I can’t say that the bug this post is about is my worst bug ever.  Or even my most embarassing bug ever.  But it is certainly my most costly bug ever.  But first, a picture.  You can click it to see the full-sized version.

The above graph shows two years and change of monthly visitor counts to my business.  There are a bunch of milestones I could have put up there — the new versions of my software, the key events in my market’s annual cycle, the redesign of my website, the time I quadrupled my advertising budget.  And they all pale in comparison to squashing one stupid little bug.

What Could Possibly Have Done That?

Well, like many bugs, the impact of this one rose in direct proportion to how clever you are.  My business website runs on a custom-designed CSS which cranks out free printable bingo cards.  The home page, shopping cart, main level navigation, all of these things are valuable towers which sit on a gigantic foundation of free content.  That content attracts me links, traffic, and searchers.  The bright idea to make the production of this content scale is probably the single biggest thing I’ve ever done to grow my business.

And scale it does.  I pay a terrifically talented freelancer to write the actual word lists that become the bingo cards, and provide a little bit of color commentary.  I feed her input into the CMS, and *bam* web page, downloadable PDF, and GIF are created.  Now multiply this times a couple hundred, for very little additional work on my part.

The Best Laid Plans of Mice and Men

One design decision I made when building this automated marketing machine was to give it a time-based element: one bingo card got featured a day.  Originally this was largely because I had the site separate from my main site and wanted to call it Daily Bingo Cards.  I figured, hey, if a new card pops up to the “front” page every day then it will always be fresh, and that makes it stickier for folks.  (And, as it turns out, I do have a handful of folks who a year later are still loading the page several times a week to see what is new.)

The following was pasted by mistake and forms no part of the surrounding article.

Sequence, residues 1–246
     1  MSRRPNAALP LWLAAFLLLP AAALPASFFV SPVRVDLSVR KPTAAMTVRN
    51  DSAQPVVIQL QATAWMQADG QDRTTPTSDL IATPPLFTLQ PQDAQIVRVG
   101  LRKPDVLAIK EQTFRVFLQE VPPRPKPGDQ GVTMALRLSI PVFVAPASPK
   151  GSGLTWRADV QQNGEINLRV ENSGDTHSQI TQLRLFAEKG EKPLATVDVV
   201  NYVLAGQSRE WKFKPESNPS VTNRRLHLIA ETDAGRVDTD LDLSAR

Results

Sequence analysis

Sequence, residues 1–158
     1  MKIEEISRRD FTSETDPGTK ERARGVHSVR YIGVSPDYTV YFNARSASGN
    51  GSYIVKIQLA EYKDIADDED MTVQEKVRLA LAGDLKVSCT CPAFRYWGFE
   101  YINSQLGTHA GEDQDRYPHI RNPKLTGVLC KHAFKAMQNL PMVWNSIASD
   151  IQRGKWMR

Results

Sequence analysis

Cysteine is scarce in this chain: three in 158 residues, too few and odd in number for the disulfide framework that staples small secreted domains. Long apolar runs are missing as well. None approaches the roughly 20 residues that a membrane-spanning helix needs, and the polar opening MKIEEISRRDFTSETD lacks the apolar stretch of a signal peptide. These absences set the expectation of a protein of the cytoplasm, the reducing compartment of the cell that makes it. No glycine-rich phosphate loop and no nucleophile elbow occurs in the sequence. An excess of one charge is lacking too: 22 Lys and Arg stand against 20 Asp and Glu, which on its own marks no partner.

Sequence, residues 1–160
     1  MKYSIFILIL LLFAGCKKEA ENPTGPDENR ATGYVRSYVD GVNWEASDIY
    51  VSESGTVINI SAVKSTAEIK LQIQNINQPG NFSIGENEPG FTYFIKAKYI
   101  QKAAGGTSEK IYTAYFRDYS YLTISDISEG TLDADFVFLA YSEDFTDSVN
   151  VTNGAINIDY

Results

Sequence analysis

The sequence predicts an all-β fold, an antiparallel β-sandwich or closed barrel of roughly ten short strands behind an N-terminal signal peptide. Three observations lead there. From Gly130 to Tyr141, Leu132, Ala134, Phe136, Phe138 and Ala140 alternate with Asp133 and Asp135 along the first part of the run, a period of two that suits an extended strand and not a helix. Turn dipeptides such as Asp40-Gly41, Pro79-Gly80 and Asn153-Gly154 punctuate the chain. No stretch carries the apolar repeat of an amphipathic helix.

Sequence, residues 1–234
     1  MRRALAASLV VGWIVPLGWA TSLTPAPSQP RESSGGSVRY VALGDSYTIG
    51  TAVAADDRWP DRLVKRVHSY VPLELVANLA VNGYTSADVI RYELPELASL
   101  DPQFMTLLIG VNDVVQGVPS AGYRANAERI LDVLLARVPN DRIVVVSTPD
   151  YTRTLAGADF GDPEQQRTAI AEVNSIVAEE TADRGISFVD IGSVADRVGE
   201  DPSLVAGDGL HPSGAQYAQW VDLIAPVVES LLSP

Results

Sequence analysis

However, I had (totally unfounded) performance worries about Rails when I wrote this application.  I thought hitting the database for every pageview was needlessly taxing on my server (bzz, I only get a few thousand a day, why the heck would the server complain?)  So I decided to turn on caching.

Caching is a wonderful tool.  You can use it to solve just about any performance problem.  It solves it by replacing the problem with a cache expiration problem.  (No performance problem?  Oh, you get to deal with cache expiration anyway, don’t worry.)

How Hard Can It Be?

Now, if you want to refresh your content on your website once a day, and you’re not really particular when you do it, caching should be dead easy: purge the cache once a day.  Which I did.  Sort of.

You see, Rails stores cached pages in the same directory your static HTML is being served out of, as static HTML.  Your web server treats the cached pages as it would any other web page if they exist, and just slurps them right out of the directory and spits them out at whoever is requesting that page.  This is blazingly, bugs-in-your-teeth fast.

And to clear the cache?  Simple — delete the HTML file and it is like it never existed.  Your web server, seeing no file matching the user’s request, will fallback to calling Rails to see what to do with the request, and after Rails does its magic there might be a new HTML file deposited into that directory.

And how to delete a file once a day?  Stick task in chrontab… done.

Your Testing Protocol Leaves Something To Be Desired

Now normally a line which is, roughly speaking, the complexity of rm -rf /some/file/name/goes/here is pretty hard to screw up.  But knowing well my pechant for screwups I tested those lines before I wrote them into the crontab.  As root (do you see where this is going?)  And they worked swimmingly.

Of course, when I wrote them into the crontab, I did not set them to execute as Root.  No, I set them to execute as the user that I thought would be dropping the files — clearly the web server, right?  (WRONG.  The web server proxies requests to Rails, but Rails operates under another user to write the cached html.  I knew that on an intellectual level, but it did not occur to me one fateful evening when writing that cron file.)

Compounding Errors